Recently, I spotted this question on Reddit:
This is a good question – it indicates that the poster is realizing that the public cloud is a different place than on premises!
There’s three things to address:
- What does the Pets vs Cattle mean?
- Does the pets vs cattle concept mean you need to change how you manage your servers in Azure?
- Should VMs in Azure be domain joined?
What is Pets vs Cattle?
The slide above describes the concept. Fundamentally, rather than caring for your pet server – giving it a name, giving it regular checkups and nursing it at the first sign of illness, we treat the server like one of a thousand cattle. Give it a number, schedule regular health checks, and shooting it when it shows signs of illness. Application of this concept can vary broadly across organizations! Depending on the scenario, it could mean that there’s a policy to rebuild a server if the OS starts acting up, or it could mean that you’re rolling over servers every 30-90 minutes, like Netflix, or it could be anything in the middle.
Does the Pets vs. Cattle Concept Change Server Management for Azure?
Azure has a lot top-level1 services, and even more as you go down the stack. If your application is developed in-house, chances are you can move off of IaaS VMs to one of the more managed services such as App Services, Functions, or even VM Scale Sets. In this scenario, most of your infrastructure and deployment can be fully automated, and in many cases there’s no need for AD Domain Services.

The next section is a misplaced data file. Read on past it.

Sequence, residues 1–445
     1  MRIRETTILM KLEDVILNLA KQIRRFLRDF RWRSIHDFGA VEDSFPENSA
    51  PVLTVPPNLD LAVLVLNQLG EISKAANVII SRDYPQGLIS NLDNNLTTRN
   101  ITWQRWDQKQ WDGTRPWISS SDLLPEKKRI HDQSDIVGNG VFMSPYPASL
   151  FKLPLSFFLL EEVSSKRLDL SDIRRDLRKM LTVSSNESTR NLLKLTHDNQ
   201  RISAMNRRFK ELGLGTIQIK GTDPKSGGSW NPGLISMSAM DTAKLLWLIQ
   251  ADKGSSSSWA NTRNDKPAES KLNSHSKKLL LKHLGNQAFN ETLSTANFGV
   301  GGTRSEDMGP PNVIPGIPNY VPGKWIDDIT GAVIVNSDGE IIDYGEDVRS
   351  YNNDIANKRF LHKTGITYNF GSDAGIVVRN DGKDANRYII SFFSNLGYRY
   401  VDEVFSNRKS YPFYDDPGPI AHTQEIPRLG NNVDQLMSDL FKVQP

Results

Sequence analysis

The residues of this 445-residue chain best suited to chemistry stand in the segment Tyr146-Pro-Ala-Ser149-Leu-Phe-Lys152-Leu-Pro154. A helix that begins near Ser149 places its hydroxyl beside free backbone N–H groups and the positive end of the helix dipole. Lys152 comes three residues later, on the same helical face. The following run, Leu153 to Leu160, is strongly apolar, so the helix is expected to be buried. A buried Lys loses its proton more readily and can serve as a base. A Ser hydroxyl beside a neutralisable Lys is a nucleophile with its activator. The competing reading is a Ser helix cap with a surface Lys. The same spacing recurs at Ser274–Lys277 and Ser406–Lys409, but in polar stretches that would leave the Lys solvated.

So – should I domain join my Azure VMs?
Most of the applications I see being moved to the cloud either involve third-party vendors, with varying levels of support, or there’s a “forklift, then optimize” approach that is being taken. In these scenarios, it’s a great idea to extend your Active Directory to the cloud, and domain join the VMs. One way to automate configuration of your VMs is, in fact, through Active Directory. It’s not the newest or most capable tool, and I don’t recommend relying on it as a configuration management tool, but it certainly makes management a lot easier. Centralized identity management alone goes a very long way towards making configuration better.
In general, good architecture would avoid using Azure IaaS VMs. If you use a scalable architecture (VM Scale Sets), you may want to domain join the VMs for manageability or common authentication, but that does require a bit of automation to be created around destroying VMs (VM Scale Sets will only recycle VM names every 10000 VMs, if I recall correctly, but it will recycle – in any case, having 10000 VMs without a home is not a great starting point).
If you’re using VMs as a stop-gap as part of a longer-term migration (and this is, indeed, a stop-gap approach), OR you have no on-premises Active Directory, you may be able to make use of Azure Active Directory Domain Services. This can be a confusing topic – AAD DS is a managed service that looks like Windows Server Active Directory to your VMs, and has your users synchronized into it already2. This means you get many of the benefits (Single sign on) that Active Directory provides, without the requirement to manage and pay for the AD DS servers, and you have an Active Directory for the application to use.
Does the pets vs cattle concept have relevancy on-premises
Troubleshooting operating system (and many application) issues is, in most cases, a waste of your time! Most IT organizations already have moved in this general direction, as applications are also increasingly supporting this mode of operation. Exporting data, configuration, and settings is generally quite well-supported now, and most organizations can start up a new barebones VM from a standard image in a few hours – or less. Setting up a clean VM, reinstalling the applications, and restoring the data is usually something that can be accomplished inside a day, whereas troubleshooting a server can take weeks, and you may never know what fixed the issue.